Tithing and Taxes

Dear Rabbi Daniel and Susan Lapin,

My husband and I want to pick your brain regarding tithing. In 2020, we started our own trucking company and have been doing very well for ourselves. We began tithing in 2022 always giving the first 10% to the Lord. We have a lot of fun giving and often round up and give more than the calculator suggests.

Having started the business, we are having to write off so many things when tax season comes around. However, one thing we have disagreed on writing off, is our tithe. Our friends and families suggest we use our tithe as a tax write-off, and we believe we should not use this as a way to benefit us. We don’t want to end up tithing only because it is a tax write-off, we want to tithe because it comes from the heart. However, we could also understand that if taxing the tithe does benefit us, it would open an opportunity for us to give more.

This is our question. Is it right to write off our 10% tithe? Do you write off what you give to the Lord, in other words? We give privately to folks in need such as friends and families, homeless, Ukraine, Turkey, etc. What is your opinion on this?



Dear Lena,

In general, we are wary of picking out a few words from the Bible as one can easily mislead by doing so, but we are not attempting to mislead you with the following verse.

Ecclesiastes 7:16 says, “Don’t overdo righteousness…”

On the surface, that doesn’t seem to be a very God-fearing sentiment. We love righteousness – how can there be too much of it? Here is one example.

Human interaction comes with many possible pitfalls. For instance, speech is incredibly powerful. A few lies, or even truths that are maliciously (or innocently) shared, can and have destroyed lives. Ancient Jewish wisdom imposes many parameters around what is permissible and what is forbidden to say. Engaging in commercial enterprise brings moral peril. The danger of doing something unethical or damaging in business is huge. When we interact with family, friends, and acquaintances, it is easy to accidentally do something hurtful or cause pain even by a look on our face.

Relating to other people in almost any context is morally risky. There are so many possible mistakes one could make. It would be easy for a well-intentioned person to arrive at the conclusion that becoming a hermit in a remote cave is the best way to avoid sinning. At the very least, maintaining silence and remaining disconnected from other people is surely the best solution for the virtuous individual. To those who think that way, King Solomon wrote: Don’t overdo righteousness.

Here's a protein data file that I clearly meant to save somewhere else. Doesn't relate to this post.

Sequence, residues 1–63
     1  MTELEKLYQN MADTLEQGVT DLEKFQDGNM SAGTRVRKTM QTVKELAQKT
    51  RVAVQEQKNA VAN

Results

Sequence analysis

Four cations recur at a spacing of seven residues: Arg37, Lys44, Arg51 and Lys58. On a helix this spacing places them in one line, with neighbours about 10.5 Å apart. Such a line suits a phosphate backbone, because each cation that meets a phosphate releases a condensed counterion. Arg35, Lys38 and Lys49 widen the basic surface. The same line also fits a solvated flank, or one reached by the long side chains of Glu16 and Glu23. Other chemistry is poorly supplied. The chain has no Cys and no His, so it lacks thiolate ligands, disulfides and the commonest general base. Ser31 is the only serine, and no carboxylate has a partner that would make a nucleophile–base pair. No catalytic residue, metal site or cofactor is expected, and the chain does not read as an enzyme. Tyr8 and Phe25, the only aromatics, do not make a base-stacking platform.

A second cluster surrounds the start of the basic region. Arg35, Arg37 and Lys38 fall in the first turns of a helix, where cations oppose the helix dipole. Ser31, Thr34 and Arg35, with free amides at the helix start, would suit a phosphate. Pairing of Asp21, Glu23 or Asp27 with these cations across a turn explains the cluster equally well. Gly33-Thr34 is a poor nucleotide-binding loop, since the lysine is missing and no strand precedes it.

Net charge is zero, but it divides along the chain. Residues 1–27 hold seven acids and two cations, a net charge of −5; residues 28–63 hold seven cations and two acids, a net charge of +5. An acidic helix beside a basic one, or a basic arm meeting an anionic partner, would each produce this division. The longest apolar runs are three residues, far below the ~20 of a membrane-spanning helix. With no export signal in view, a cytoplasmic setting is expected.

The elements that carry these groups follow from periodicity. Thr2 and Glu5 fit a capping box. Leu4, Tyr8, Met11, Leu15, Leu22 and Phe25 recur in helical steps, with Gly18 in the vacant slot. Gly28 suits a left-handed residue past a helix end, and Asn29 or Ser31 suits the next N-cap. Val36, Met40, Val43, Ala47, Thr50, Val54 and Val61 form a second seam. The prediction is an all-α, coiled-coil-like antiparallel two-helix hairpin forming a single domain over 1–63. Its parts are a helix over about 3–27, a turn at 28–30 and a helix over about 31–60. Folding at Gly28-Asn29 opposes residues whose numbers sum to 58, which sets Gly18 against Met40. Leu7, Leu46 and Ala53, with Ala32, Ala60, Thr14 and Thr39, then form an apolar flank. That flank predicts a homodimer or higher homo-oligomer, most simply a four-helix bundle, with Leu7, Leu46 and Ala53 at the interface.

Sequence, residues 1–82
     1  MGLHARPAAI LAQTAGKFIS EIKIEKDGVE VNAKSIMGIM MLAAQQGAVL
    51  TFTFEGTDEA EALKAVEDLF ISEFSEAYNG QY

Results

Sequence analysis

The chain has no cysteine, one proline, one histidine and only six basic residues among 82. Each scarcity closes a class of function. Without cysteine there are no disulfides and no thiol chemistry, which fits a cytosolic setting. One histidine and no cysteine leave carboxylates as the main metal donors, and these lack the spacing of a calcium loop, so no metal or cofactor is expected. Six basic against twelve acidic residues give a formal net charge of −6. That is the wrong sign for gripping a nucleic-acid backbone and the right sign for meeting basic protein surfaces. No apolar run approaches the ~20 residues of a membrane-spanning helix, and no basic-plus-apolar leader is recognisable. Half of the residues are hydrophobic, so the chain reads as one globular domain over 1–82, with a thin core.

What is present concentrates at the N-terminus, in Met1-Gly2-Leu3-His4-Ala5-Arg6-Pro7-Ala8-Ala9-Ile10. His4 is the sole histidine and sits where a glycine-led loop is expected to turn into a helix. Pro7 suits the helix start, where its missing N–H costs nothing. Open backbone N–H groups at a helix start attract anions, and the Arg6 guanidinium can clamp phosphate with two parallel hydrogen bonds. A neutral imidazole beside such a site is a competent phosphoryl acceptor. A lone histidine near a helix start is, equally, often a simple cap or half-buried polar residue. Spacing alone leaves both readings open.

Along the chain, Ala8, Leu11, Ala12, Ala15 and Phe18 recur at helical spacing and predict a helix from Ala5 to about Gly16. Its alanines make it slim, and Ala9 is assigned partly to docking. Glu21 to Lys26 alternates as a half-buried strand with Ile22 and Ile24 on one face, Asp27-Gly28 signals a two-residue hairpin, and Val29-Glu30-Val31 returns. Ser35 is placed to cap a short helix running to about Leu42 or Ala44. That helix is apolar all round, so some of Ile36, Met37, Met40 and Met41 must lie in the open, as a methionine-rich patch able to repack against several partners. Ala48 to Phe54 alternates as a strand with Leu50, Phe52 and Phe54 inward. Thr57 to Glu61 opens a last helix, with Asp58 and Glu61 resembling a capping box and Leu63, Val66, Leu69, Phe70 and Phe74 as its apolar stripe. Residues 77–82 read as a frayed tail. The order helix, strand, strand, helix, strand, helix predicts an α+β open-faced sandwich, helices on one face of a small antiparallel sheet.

Yes, we will sin as we go about our lives. We are human. We also will do great things, say words that bring joy to others, improve people’s lives through our businesses, and build families that bring joy to God and to the world. The potential upside outweighs the downside.

Lena, we don’t know whether you are located in the United States which allows you to deduct charitable contributions from your taxable income. So it is not so much a question of writing off your contributions but deducting them in the first place from your taxable income. And if you live in the U.S. then from a Biblical perspective, you should certainly do this. If you live elsewhere and you can reduce your tax liability by writing off the contribution, you must do this too.

Although you didn’t specifically ask this, we think it might be relevant for us to mention that tithing is on your after-tax income.

Furthermore, money you spend to enable you to earn an income should be deducted from your income before separating your tithe. For example, if you are a self-employed business owner the following may be deducted from your gross income before separating your tithe: Wages paid to an employee, inventory related expenses, cost of leasing property or vehicles, advertising, and any business-related taxes.

You may legally and morally write off your tax deductions. The action of giving charity is good. God is the only One who can know your heart. Are you giving only in order to get public praise, or to get a tax write-off, or for some other reason? You will need to get that straight with God after 120 years. But, not taking the write-off that allows you to have more money to use for your own purposes, which may or may not include being more generous to others, is a case of trying to be too righteous. Not virtuous, not Biblical, and not a good idea.

Thank you for your kind words about our work,

Rabbi Daniel and Susan Lapin

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In our debut Scrolling through Scripture teaching, Rabbi Daniel Lapin walks you verse by verse through the Bible, decoding the original Hebrew text via the lens of ancient Jewish wisdom. For a short time, we are offering a rare discount on Genesis: Creation Unit 1 which focuses on the six days of Creation and Foundational Principles from the beginning of Genesis.

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